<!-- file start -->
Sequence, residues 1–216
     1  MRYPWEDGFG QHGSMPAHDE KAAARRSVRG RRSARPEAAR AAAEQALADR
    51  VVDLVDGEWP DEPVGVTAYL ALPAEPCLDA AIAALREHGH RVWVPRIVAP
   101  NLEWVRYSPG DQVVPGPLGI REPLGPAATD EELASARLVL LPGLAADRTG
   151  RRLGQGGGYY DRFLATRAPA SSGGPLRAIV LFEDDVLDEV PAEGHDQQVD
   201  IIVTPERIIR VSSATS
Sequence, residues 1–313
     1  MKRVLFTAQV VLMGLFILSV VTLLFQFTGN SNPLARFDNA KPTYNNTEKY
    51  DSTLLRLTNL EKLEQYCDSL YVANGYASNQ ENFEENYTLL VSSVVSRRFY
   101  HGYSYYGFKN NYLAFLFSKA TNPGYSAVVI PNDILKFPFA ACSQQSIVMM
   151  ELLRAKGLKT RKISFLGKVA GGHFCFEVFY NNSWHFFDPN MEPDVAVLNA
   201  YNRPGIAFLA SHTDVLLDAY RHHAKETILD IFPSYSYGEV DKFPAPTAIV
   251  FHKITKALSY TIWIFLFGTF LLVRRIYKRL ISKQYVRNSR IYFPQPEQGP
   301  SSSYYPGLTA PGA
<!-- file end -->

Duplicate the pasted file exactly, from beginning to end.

Sequence, residues 1–216
     1  MRYPWEDGFG QHGSMPAHDE KAAARRSVRG RRSARPEAAR AAAEQALADR
    51  VVDLVDGEWP DEPVGVTAYL ALPAEPCLDA AIAALREHGH RVWVPRIVAP
   101  NLEWVRYSPG DQVVPGPLGI REPLGPAATD EELASARLVL LPGLAADRTG
   151  RRLGQGGGYY DRFLATRAPA SSGGPLRAIV LFEDDVLDEV PAEGHDQQVD
   201  IIVTPERIIR VSSATS
Sequence, residues 1–313
     1  MKRVLFTAQV VLMGLFILSV VTLLFQFTGN SNPLARFDNA KPTYNNTEKY
    51  DSTLLRLTNL EKLEQYCDSL YVANGYASNQ ENFEENYTLL VSSVVSRRFY
   101  HGYSYYGFKN NYLAFLFSKA TNPGYSAVVI PNDILKFPFA ACSQQSIVMM
   151  ELLRAKGLKT RKISFLGKVA GGHFCFEVFY NNSWHFFDPN MEPDVAVLNA
   201  YNRPGIAFLA SHTDVLLDAY RHHAKETILD IFPSYSYGEV DKFPAPTAIV
   251  FHKITKALSY TIWIFLFGTF LLVRRIYKRL ISKQYVRNSR IYFPQPEQGP
   301  SSSYYPGLTA PGA